Swaziland: Often overlooked, but full of surprises
At the end of May this year, more than 20,000 people converged on a farm outside Swaziland’s capital Mbabane for the annual Bushfire music festival. The festival has been going since 2007, and attracts music lovers from as far afield as Germany.
Learning about the festival was a pleasant surprise for Deon Appelcryn, the recently appointed country manager of DHL Express in Swaziland. Prior to taking up his current role, Appelcryn worked for DHL in South Africa for over a decade in various positions. Despite being a keen musician himself, Appelcryn had never before heard of Bushfire. “In all my years of doing music, I was completely unaware of Bushfire. It is quite a big event. Most South Africans don’t know about the festival.”
The tiny kingdom of Swaziland is surrounded by South Africa, except to the east where it shares a border with Mozambique. Swaziland’s proximity to South Africa, the continent’s second largest economy, means that it is often overlooked from a business perspective.
However, Appelcryn says Swaziland holds many surprises, like the Bushfire festival, for those not familiar with the country.
“There are many misconceptions about Swaziland. It is really a gem right on South Africa’s doorstep – a beautiful country with very warm people. Despite a fluctuating economy, many local business people are doing very well, and as DHL we also see significant opportunities to grow our own business in Swaziland,” says Appelcryn.
Swaziland’s economy is expected to grow by a modest 2% this year, down from an estimated 3.5% in 2013. Manufacturing activities, especially sugar and textiles, account for the largest portion of GDP, with agriculture, retail, real estate, financial services and telecoms also strong contributors.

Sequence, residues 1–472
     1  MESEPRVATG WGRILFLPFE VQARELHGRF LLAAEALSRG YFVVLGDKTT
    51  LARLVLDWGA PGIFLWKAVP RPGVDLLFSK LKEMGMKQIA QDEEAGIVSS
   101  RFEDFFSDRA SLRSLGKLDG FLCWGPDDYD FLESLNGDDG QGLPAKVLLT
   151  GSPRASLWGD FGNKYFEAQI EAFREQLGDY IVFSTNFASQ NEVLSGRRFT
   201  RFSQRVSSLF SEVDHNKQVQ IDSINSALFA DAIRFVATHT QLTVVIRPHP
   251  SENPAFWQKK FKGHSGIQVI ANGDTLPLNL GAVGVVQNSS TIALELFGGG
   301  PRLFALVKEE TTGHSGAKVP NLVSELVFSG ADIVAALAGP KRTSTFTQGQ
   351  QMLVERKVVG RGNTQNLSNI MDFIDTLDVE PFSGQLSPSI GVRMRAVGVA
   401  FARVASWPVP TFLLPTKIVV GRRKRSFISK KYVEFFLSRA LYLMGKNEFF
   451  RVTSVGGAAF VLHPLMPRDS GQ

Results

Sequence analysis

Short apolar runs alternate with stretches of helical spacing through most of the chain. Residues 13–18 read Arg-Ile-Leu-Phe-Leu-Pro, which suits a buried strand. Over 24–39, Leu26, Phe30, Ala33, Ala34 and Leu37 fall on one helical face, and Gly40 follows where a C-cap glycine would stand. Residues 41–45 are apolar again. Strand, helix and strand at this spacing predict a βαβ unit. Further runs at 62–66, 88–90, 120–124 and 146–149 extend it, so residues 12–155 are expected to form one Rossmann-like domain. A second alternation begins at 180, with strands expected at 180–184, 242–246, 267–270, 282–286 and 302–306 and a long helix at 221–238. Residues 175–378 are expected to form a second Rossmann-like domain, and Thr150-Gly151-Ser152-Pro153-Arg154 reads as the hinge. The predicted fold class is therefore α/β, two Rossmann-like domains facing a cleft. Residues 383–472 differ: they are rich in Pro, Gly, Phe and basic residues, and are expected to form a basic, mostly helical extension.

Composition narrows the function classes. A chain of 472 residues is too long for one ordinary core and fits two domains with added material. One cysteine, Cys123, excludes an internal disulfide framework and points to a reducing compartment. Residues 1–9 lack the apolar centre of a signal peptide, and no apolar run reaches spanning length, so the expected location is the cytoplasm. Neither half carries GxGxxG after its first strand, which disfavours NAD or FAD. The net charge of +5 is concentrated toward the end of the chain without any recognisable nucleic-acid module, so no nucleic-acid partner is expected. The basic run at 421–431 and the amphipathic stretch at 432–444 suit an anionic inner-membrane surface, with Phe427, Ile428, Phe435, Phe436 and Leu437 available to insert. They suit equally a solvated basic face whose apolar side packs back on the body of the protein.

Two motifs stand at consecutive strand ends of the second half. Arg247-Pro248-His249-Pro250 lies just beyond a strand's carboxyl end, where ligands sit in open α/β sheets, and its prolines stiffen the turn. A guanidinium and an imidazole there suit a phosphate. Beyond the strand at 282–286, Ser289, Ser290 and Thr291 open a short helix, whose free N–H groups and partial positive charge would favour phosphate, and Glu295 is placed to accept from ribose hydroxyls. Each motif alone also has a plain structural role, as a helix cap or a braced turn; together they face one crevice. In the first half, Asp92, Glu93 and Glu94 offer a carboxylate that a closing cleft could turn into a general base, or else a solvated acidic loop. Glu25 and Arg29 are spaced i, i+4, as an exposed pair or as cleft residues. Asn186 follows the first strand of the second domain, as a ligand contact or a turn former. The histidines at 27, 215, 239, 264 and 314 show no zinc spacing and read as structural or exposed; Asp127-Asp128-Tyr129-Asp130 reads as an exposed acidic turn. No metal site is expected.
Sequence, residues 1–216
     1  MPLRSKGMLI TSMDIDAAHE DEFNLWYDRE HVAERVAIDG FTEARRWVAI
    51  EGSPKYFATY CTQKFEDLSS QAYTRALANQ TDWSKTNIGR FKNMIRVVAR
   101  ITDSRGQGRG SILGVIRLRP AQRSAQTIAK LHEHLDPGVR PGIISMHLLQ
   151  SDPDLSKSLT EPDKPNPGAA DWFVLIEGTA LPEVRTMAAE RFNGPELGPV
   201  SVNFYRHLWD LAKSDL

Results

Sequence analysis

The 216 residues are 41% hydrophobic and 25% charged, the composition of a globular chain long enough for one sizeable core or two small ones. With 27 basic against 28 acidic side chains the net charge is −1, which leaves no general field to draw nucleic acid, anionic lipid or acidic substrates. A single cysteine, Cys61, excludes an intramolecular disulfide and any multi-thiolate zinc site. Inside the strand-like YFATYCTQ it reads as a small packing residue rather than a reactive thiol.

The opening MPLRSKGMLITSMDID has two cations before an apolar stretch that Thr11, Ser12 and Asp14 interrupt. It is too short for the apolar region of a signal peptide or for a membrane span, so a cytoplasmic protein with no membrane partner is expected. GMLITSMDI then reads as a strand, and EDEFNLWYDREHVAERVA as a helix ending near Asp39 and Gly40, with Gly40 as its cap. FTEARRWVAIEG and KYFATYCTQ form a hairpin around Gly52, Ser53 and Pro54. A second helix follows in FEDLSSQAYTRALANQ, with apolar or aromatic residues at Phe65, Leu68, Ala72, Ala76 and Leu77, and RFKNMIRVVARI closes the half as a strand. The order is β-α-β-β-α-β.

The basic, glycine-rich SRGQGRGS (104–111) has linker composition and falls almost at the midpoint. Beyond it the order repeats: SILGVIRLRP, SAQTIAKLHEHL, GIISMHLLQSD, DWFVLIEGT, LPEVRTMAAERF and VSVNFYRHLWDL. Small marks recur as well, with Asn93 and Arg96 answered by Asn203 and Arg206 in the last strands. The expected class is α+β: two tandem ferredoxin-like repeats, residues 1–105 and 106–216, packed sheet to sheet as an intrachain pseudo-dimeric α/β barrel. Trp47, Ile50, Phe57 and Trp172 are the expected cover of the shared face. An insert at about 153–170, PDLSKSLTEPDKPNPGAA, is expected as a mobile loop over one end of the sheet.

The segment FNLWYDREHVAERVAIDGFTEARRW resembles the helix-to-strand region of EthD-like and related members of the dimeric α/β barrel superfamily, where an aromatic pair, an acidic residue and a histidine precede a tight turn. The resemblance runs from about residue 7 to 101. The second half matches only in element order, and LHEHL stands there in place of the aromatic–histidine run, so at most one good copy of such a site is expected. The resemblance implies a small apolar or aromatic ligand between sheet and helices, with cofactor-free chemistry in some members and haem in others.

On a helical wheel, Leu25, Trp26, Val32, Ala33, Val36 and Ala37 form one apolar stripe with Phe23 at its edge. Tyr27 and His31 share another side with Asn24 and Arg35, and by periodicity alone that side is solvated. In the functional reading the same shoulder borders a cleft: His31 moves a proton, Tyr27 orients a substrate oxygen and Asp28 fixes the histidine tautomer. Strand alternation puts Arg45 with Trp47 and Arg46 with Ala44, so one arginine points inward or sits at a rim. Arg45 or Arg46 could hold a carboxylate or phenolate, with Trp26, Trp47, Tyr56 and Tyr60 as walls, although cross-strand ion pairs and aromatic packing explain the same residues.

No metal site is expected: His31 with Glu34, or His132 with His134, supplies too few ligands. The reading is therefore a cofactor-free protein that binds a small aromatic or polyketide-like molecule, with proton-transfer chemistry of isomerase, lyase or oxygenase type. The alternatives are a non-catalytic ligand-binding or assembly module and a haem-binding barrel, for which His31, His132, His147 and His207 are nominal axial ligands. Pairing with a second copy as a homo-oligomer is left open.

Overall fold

Considering its small size, Swaziland is relatively well connected to the rest of the world in terms of trade.
South Africa is the largest single market for Swazi goods. South African firms also play a significant role in the economy – three of its top four banks have a presence in Swaziland, as do many major supermarket chains.
South Africa’s current economic troubles and a slowdown in growth, does however pose risks for Swaziland.
The textile industry is also likely to be in for a challenging time. Swaziland was recently removed as a beneficiary of the US African Growth and Opportunity Act (AGOA), which allows eligible countries to export certain products to the US duty free. The industry currently relies heavily on AGOA to remain competitive.
Growing beyond the cities
A large part of the Swazi population lives in semi-urban and rural areas that are often underserved by big business. Appelcryn says DHL is actively growing its retail footprint beyond the major urban centres to better service customers in the outlying regions.
This is part of DHL’s strategy to boost its number of service points in sub-Saharan Africa’s informal and rural areas, and connect local small and medium enterprises to the international marketplace.
“Despite rapid urbanisation across Africa, the majority of the population is still rural. Throughout the continent, it is DHL’s ambition to bring people closer to the global economy, and Swaziland is no different,” explains Appelcryn.